“Human Rights” American Sentinel 14, 7, pp. 98, 99.

MEN are human. Human rights are those which belong to men simply because they are men.

Rights, in this connection, signifies that which belongs personally to you and me; and which can never justly be taken away. We cannot resign them, they cannot be justly exercised by any other person or combination of persons anywhere. There is no exception to this; for when we speak of rights it must be unqualifiedly and without exception. To speak of rights with an exception, is to deny in fact the thing which we profess and which we claim in behalf of rights.

Human beings possess rights by direct endowment of the Creator. Whoever disregards the rights of men, shows disrespect to the Creator. Whoever encroaches [100] upon the rights of men ignores the prerogative of God. Therefore, of all people in the world, those who stand before the world as Christians should be the most respectful of the rights of men, and the most vigilant and tenacious in regarding those rights.

The Bible is given to instruct men how to be Christians. The Bible is addressed to all men for the sole purpose of causing them to become Christians: and meets its purpose only in those who do become Christians. Practically, therefore, the Bible is addressed only to Christians: and the shining in these of the light which they have so received makes them the light of the world.

Sacred regard for human rights is a Christian virtue. And for people who stand before the world as Christians, to disregard human rights is doubly wrong: in that it is wrong in itself, and turns the light into darkness, causing others to stumble on in darkness instead of showing, as they are set to show, the better way.

The fourteenth chapter of Romans briefly covers the whole ground of instruction to all men, and especially to Christians, as to true respect for human rights. This fourteenth chapter belongs really to the thirteenth; for it is a direct continuation of the subject introduced in the beginning of the thirteenth chapter. There is much truth lost many times by holding strictly to the chapter divisions. If it were borne in mind that often the chapter divisions are just where they ought not to be, much would be gained in Bible study.

The thirteenth and fourteenth chapter of Romans deal with exactly the same subject,—the relationship of individuals as Christians to all men both as individuals and as organized in governments—as individuals and as “the powers that be,“—powers that are beyond the individual.

The first verse of the thirteenth chapter says, “Let every soul be subject unto the higher powers. For there is no power but of God: the powers that be are ordained of God. Whosoever therefore resisteth the power resisteth the ordinance of God: and they that resist shall receive unto themselves damnation.”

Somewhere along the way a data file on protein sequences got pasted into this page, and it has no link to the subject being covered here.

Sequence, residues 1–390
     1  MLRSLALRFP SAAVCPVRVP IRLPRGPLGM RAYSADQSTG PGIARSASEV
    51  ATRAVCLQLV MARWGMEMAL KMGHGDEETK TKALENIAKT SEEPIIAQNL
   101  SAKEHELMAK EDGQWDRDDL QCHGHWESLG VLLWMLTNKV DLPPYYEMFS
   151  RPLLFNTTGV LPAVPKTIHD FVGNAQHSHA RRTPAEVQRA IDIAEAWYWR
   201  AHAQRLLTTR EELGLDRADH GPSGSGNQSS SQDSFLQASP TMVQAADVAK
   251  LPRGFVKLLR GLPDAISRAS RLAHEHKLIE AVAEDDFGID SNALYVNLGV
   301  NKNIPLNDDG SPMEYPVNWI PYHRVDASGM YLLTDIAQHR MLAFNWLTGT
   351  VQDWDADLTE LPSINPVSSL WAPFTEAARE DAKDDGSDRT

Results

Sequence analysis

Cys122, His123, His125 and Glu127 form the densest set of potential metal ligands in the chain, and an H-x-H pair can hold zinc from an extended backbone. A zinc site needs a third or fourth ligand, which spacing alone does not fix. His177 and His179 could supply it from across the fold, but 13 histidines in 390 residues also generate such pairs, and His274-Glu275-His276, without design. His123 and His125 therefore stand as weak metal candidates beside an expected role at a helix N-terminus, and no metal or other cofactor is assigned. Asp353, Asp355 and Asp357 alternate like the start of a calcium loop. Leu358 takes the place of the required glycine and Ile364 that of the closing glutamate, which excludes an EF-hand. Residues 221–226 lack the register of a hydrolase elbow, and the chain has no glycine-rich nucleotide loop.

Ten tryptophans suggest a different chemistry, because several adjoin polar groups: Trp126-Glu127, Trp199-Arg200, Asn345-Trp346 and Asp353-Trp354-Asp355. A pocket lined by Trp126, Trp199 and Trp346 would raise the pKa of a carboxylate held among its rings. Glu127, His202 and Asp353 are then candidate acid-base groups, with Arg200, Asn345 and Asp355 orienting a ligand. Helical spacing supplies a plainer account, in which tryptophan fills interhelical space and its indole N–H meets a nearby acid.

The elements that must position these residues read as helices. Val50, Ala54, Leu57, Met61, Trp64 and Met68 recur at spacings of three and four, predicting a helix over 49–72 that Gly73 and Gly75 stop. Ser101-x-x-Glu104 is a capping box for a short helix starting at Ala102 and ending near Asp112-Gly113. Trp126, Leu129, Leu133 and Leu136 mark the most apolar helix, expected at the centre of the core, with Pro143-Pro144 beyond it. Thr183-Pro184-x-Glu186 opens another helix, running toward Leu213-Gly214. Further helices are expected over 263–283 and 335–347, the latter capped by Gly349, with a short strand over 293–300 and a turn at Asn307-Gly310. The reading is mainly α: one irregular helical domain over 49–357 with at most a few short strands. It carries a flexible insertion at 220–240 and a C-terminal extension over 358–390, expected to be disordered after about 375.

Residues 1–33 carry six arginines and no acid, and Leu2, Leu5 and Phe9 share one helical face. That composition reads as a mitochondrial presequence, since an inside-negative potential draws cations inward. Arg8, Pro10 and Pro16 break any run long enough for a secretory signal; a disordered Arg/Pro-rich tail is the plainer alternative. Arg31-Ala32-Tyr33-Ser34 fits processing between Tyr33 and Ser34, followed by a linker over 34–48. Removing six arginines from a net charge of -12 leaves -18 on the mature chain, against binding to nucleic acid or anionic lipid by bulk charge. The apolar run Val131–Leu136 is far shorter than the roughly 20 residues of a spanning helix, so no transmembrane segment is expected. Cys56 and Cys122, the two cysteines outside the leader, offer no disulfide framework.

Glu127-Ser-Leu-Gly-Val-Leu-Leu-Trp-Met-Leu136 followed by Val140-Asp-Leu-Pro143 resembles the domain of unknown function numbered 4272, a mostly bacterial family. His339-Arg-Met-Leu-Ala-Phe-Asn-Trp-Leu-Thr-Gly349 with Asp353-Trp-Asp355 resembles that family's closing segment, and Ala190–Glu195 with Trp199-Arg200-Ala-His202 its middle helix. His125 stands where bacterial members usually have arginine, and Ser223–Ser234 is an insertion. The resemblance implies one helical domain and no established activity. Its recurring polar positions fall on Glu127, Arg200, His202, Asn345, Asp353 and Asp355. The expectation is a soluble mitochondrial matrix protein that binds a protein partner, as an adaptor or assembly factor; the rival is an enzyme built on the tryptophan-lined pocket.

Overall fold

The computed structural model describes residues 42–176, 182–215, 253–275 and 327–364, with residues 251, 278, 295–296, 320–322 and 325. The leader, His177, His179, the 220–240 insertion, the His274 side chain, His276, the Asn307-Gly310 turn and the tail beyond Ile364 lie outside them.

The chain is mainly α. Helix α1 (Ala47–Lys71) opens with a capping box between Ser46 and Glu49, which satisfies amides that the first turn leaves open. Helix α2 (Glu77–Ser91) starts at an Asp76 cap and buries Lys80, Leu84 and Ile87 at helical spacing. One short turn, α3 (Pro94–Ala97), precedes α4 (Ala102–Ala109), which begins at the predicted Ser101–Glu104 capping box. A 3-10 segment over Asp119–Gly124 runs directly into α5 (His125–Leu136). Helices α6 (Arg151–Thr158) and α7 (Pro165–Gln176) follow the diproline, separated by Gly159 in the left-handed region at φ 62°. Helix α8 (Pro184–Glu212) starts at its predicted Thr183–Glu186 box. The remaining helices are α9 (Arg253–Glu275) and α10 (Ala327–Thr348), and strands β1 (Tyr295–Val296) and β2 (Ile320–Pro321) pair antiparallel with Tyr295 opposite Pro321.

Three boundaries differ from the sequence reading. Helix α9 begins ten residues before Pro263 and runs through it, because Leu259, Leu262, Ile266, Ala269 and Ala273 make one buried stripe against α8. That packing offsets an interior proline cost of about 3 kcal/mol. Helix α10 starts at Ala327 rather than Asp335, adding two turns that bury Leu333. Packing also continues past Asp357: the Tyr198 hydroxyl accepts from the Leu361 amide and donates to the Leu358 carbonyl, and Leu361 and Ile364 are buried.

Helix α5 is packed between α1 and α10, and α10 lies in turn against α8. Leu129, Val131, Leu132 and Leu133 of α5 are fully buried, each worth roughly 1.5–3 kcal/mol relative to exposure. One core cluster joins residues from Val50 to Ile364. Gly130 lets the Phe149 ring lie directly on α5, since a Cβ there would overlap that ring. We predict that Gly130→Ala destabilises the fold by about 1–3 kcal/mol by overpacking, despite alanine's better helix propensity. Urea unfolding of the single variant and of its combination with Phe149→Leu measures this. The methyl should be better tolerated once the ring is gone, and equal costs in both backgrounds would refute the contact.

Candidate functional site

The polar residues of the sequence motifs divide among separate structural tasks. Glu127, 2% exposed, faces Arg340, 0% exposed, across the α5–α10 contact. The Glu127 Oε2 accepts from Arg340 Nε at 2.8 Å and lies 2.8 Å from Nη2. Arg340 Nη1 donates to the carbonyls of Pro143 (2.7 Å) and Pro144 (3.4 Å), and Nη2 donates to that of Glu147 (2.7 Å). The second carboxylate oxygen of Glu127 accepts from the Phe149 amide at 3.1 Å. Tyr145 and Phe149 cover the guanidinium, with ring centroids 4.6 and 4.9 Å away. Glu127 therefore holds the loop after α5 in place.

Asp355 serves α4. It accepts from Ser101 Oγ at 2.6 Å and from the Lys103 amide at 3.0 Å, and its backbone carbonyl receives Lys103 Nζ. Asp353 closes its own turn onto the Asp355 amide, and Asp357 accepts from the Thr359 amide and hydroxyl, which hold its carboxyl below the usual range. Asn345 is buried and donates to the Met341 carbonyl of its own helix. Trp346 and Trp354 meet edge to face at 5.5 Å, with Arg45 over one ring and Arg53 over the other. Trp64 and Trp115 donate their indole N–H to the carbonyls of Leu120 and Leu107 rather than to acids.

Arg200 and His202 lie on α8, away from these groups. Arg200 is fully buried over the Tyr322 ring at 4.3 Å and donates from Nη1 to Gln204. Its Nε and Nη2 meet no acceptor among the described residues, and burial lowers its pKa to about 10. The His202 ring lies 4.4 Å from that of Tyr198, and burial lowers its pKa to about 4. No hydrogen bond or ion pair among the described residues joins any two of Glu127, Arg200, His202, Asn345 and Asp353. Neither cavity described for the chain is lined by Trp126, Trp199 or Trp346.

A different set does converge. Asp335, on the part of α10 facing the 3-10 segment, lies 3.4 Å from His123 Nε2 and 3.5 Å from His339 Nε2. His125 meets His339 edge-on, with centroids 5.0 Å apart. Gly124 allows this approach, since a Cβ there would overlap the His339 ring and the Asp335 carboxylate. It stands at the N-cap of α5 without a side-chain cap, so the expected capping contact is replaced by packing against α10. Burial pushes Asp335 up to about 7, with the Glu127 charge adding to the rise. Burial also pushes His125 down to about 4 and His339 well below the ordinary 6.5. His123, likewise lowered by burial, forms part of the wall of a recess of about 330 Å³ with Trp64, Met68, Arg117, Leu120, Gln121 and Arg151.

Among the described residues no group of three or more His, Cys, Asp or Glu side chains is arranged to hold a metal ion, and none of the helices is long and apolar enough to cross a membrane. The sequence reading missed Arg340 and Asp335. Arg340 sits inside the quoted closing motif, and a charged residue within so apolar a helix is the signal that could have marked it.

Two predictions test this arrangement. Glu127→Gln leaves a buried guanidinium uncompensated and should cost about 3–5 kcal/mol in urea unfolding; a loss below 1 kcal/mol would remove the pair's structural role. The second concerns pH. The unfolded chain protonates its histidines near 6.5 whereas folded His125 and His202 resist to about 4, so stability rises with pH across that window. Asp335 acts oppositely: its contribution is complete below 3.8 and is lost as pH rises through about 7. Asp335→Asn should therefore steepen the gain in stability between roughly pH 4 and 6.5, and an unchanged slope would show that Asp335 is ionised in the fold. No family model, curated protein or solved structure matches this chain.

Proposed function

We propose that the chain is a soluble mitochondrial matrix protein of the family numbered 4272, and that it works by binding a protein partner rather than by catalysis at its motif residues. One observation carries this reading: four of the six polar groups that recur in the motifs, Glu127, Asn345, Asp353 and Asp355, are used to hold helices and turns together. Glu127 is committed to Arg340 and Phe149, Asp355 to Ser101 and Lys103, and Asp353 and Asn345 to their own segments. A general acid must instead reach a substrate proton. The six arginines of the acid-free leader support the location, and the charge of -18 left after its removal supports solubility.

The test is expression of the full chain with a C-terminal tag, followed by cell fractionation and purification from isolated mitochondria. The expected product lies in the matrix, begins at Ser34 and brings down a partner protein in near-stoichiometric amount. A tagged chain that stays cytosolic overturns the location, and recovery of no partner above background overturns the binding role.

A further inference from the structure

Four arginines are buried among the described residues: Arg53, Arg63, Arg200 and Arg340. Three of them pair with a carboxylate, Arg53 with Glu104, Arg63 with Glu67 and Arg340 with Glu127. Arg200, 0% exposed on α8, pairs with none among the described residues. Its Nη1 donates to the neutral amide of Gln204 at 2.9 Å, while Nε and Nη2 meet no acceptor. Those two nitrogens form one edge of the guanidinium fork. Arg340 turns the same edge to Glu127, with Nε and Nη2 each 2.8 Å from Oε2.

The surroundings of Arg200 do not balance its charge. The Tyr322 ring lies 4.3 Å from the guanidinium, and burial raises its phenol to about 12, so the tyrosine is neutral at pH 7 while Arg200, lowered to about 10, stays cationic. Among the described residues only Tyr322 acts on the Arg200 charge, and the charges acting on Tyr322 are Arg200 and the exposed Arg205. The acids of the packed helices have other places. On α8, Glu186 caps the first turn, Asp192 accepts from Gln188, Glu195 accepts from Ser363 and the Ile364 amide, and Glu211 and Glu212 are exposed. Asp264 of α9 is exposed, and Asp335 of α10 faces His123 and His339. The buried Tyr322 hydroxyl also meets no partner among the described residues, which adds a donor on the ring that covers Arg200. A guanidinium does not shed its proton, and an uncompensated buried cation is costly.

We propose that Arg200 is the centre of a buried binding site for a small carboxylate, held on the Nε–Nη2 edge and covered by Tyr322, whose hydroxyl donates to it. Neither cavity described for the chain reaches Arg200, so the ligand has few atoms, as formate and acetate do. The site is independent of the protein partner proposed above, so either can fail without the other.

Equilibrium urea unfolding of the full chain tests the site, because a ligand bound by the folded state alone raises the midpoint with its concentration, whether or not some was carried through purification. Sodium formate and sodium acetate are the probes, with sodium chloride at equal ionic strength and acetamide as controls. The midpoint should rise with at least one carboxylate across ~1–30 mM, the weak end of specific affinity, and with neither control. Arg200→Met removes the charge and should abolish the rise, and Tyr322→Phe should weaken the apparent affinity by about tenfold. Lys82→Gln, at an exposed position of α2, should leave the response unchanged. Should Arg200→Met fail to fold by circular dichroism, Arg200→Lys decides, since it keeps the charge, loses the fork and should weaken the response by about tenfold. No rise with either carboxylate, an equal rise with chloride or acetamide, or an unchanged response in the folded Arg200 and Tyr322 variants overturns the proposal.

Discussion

Next we are told what we are to render to the powers that be,—“Tribute to whom tribute is due; custom to whom custom; fear to whom fear; honor to whom honor.” Then the law of God is quoted, showing wherein “the powers that be” have no jurisdiction at all.

While the powers that be may have jurisdiction of things which concern man’s relation to his fellowman, by which “the powers” would protect one from the encroachment of another, these powers have no jurisdiction whatever in those things which belong between men and God. The thirteenth chapter sets forth those things which belong to the powers that be, and all the commandments which are referred to are those which touch only the relation to men with men; and not at all the relation of men to God. Love is the fulfilling of the law. Love worketh no ill to his neighbor, therefore love is the fulfilling of the law.

The fourteenth chapter goes right on with the same subject—“Him that is weak in the faith receive ye, but not to doubtful disputations,” etc. We are not to judge anybody when they do not do as we do; nor when they do not do as we think they ought to do; nor when they do not do even as God says they ought to do.

We are not to judge anybody at all; because every one of us shall give an account of himself to God. “Who art thou that judgeth another man’s servant? to his own master he standeth or falleth. Yea, he shall be holden up; for God is able to make him stand.” Jesus said, “Call no man master, for one is your Master, even Christ; and all ye are brethren.” (Matthew 23:8) James also speaks of this: “Be not many masters, knowing that ye shall receive the greater condemnation.” (James 3:1). Many masters receive greater condemnation: then what would few masters receive?—Less condemnation. Then what would no master at all receive?—No condemnation. The more masters the more condemnation: then only condemnation goes with mastership at all.

Whoever assumes mastership of anybody’s conduct, wishes, faith, rights, or his standing before God, comes under the condemnation of Him who is the master of all individuals alike. As the Lord Jesus has bought at an infinite price every soul in the world, he alone is master of each soul in the world. Each one is responsible to him; and to him alone that person stands or falls. Each one is forbidden to judge any other man, because we shall each one stand before the Judgment seat of Christ to give an account of himself, not of somebody else. I must give an account of myself to God; not of you.

A. T. J.

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